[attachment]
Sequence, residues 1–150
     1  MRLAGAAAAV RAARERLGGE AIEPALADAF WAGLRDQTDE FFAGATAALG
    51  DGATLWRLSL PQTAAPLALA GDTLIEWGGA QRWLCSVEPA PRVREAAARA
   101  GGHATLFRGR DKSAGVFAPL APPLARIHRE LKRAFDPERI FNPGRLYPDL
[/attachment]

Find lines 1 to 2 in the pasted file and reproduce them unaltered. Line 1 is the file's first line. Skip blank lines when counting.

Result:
Sequence, residues 1–150
     1  MRLAGAAAAV RAARERLGGE AIEPALADAF WAGLRDQTDE FFAGATAALG